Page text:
Oil rekindles Indo-Russian affairMOSCOW - India could sharply raise its Russian energy stakes by committing billions of dollars to develop oil and gas fields in Russia. With a series of hydrocarbon deals likely to be clinched during President Vladimir Putin's December visit to India, Moscow seemingly aims at building a strong partnership with India in the energy sector.
Russia and India have long discussed investments by India's Oil & Natural Gas Corp (ONGC) in Russia. "Russian companies are keen to invest heavily in India in core sectors like energy," Russian Deputy Prime Minister Alexander Zhukov announced on the eve of Putin's trip, which is due to start on Friday. He indicated that Moscow was "looking at possible cooperation in oil and gas". Zhukov said inter-governmental negotiations were on to resolve the issues hindering bilateral investment growth.
India already holds a 20% stake in the energy-rich Sakhalin-1 block, in which state-owned ONGC Videsh has made the largest overseas investment of $1.7 billion, which is expected to go up to $3.5 billion in the exploration stages. Last week, the cabinet committee on economic affairs approved an ONGC Videsh proposal for an additional investment of $1.07 billion in the Sakhalin-1 oil and gas field in Russia. The investment would be over and above the $1.7 billion already approved.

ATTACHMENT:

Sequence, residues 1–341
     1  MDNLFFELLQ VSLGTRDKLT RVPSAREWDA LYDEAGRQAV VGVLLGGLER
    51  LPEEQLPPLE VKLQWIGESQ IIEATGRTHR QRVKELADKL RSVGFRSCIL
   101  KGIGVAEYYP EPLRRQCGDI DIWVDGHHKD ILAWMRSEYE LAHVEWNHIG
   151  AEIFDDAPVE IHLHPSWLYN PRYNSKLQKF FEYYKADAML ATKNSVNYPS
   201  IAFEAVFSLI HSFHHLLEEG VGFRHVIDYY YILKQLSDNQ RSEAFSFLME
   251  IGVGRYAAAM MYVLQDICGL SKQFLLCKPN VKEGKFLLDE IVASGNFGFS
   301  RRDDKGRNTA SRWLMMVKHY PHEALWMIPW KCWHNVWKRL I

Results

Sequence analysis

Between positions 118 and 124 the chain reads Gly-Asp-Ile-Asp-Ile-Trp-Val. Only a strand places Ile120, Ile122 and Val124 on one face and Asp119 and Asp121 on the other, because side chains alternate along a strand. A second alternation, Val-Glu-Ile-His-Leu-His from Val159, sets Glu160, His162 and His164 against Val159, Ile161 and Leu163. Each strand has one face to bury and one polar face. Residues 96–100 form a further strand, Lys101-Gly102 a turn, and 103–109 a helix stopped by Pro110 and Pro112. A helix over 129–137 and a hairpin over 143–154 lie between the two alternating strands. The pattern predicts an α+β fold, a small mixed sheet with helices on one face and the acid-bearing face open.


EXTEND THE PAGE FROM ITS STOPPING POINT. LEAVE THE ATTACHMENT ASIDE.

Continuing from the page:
The Sakhalin-1 project is to begin natural-gas production in late 2005. It is likely to generate up to 8 million tons of oil and 9.5 billion cubic meters of natural gas a year eventually. The $12 billion project at Sakhalin-1 ExxonMobil is run by ExxonMobil with a 30% stake in the project, while Sodeco of Japan has a 30% share and Russia's Rosneft 20%. Sakhalin-1's potential recoverable resources are 2.3 billion barrels of oil and 17.3 trillion cubic feet of gas. ExxonMobil reportedly spent $60 million on Sakhalin-3.
India could become a major player in Sakhalin. Zhukov also said Russia had no objections to ONGC Videsh bidding for equity stake in Sakhalin-3 block. "We would like foreign companies to come into oil and gas exploration and so we would welcome ONGC to bid for Sakhalin-3."
India reportedly is mulling investing $1.5 billion in the Sakhalin-3 gas field and another $1.5 billion in the joint Russian-Kazakh Kurmangazy oilfield in the Caspian Sea, which has a potential of up to 1 billion tonnes of oil. India's interest in the geographically close Caspian region hardly comes as a surprise. However, the Russian invitation to India to join the Sakhalin-3 project is indicative, notably because Moscow removed a US oil major from this giant gas field.
Last January, the Russian government decided to annul the 1993 tender to explore the project in the Pacific Ocean - a move that US officials called worrisome and potentially harmful to US-Russia ties. The original Sakhalin-3 tender was won by a consortium led by the world's largest oil company, ExxonMobil, back in 1993, when Sakhalin island north of Japan used to be seen as a new hydrocarbon bonanza in northern Asia-Pacific. Six Sakhalin offshore blocks have been seen as potentially among the largest 21st-century energy projects. Sakhalin crude and natural gas are aimed at nearby Japan, which is understood to count on Sakhalin to cut its dependence on oil supplies from the Middle East.